January 12, 2018 / 1:20 AM / in 5 months

Soccer: U.S. men look forward after missing World Cup finals

CARSON, California (Reuters) - Failing to qualify for this year’s World Cup finals had been buried and the focus had now shifted to getting back to the global stage in Qatar in 2022, players from the United States’ men’s soccer team said on Thursday.

U.S. Men's National Team forward Jordan Morris poses for a photo after the first day of winter training camp in Carson, California, U.S., January 11, 2018.. REUTERS/Rory Carroll

“The whole focus is on the future,” forward Jordan Morris told Reuters at the end of a sun-drenched first day of the team’s training camp in Carson, California.

“We can’t change the past, we can only move forward.”

The U.S. surprisingly failed to qualify for the finals in Russia when they were beaten 2-1 by Trinidad and Tobago last October.

It was the first time since 1986 they had failed to qualify for the finals, which cost coach Bruce Arena his job and created calls for a complete overhaul of the team.

Interim coach Dave Sarachan selected 29 players, many of whom have not played for the national side, for the training camp where he could conduct fitness tests and training drills and get a look at the next generation.

The team, however, were keen to move on from what happened last year and midfielder Gyasi Zardes, who at 26, is one of the older players at the training camp, also deflected questions about the World Cup qualifying campaign.

U.S. Men's National Team interim head coach Dave Sarachan fields questions from the media following the first day of winter training camp in Carson, California. Jan. 11, 2018. REUTERS/Rory Carroll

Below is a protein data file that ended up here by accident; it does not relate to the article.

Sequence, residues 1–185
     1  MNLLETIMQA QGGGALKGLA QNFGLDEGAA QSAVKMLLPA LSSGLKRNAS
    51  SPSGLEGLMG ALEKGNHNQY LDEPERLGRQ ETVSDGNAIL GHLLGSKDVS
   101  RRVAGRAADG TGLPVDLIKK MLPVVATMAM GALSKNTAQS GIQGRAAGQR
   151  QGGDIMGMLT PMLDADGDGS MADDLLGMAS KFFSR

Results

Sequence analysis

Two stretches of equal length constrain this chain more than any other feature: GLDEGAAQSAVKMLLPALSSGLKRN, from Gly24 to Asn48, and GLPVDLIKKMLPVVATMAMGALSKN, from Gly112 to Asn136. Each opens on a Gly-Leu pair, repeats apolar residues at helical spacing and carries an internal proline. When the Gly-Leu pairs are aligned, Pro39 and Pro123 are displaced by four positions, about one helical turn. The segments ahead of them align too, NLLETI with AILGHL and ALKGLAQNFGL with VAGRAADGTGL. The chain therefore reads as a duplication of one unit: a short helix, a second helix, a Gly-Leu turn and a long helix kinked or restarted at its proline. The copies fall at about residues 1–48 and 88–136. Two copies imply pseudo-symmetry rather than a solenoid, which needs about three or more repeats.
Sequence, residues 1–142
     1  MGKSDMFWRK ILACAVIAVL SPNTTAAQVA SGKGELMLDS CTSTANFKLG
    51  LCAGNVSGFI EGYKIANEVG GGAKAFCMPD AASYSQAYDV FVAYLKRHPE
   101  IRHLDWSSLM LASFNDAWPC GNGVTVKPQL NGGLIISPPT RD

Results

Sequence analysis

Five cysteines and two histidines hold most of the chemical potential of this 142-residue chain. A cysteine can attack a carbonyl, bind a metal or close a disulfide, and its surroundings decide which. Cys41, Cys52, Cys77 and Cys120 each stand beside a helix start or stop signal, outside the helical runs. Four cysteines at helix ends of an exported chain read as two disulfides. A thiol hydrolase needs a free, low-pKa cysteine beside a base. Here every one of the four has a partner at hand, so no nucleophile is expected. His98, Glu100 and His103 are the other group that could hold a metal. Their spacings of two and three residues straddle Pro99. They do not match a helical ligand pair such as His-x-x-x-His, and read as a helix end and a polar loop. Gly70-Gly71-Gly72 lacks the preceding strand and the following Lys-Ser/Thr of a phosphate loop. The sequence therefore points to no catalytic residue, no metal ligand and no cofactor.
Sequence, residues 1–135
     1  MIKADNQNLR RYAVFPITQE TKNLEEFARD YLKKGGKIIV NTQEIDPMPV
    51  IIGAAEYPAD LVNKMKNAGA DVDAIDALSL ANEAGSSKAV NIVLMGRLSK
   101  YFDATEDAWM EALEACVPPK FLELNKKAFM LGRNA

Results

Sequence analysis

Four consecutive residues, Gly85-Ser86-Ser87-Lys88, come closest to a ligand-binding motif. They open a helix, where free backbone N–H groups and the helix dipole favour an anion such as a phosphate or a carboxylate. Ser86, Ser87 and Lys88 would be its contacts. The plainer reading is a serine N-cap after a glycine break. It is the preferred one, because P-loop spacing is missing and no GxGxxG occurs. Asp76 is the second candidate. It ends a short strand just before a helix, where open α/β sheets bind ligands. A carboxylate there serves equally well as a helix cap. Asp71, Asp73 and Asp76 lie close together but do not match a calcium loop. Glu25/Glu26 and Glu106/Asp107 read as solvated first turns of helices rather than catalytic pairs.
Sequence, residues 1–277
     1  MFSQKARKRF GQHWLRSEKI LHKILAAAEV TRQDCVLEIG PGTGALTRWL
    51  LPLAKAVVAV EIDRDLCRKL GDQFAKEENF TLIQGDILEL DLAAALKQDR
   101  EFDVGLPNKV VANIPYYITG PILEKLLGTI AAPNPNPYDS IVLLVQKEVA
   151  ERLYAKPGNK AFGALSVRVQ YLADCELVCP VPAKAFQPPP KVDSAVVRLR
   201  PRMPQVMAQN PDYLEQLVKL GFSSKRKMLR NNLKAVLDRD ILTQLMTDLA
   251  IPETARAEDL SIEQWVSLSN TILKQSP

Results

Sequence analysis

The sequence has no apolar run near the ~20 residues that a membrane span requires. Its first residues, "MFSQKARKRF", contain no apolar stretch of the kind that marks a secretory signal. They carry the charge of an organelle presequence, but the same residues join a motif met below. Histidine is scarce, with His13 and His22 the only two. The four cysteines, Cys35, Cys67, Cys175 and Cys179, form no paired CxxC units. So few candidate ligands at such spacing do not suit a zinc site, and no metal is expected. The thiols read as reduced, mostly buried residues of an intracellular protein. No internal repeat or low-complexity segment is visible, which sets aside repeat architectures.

“I’m always a positive person,” Zardes said. “We’re moving forward, which is what we’re doing in this camp.”

Sarachan, however, told reporters that he may never fully get past the disappointment of failing to qualify.

“When you go through something like that, you don’t ever quite get over it,” Sarachan said. “I get reminded about it all the time, whether it is in the media or when I see teams getting ready for the World Cup.

“So it’s never going to leave my mind, but it’s not going to distract me from what the focus is.

“As professionals, we have to move on.”

U.S. Men's National Team defender Walker Zimmerman fields questions from the media after the teamÕs first day of winter training camp in Carson, California, U.S., January 11, 2018. REUTERS/Rory Carroll

Sarachan compared the experience to when he was part of the coaching set up at the 2002 World Cup when the U.S. made the quarter-finals.

While delighted at that team’s performances in Japan and South Korea, that was also something he left in the past.

“It’s not like I dwell on that experience either,” he said. “But that’s an experience I’ll never forget, and I’ll never forget this one either.”

Defender Walker Zimmerman also added there was no need to completely overhaul the national team and its systems, as some fans have suggested as they build towards Qatar.

“I don’t think we’re blowing anything up,” he said.

“There’s a lot of motivation to make sure that this doesn’t happen again.

“We can become a team that sticks together and we approach 2022 from this day right here.”

(The story was refiled to correct place in the second paragraph)

Editing by Greg Stutchbury

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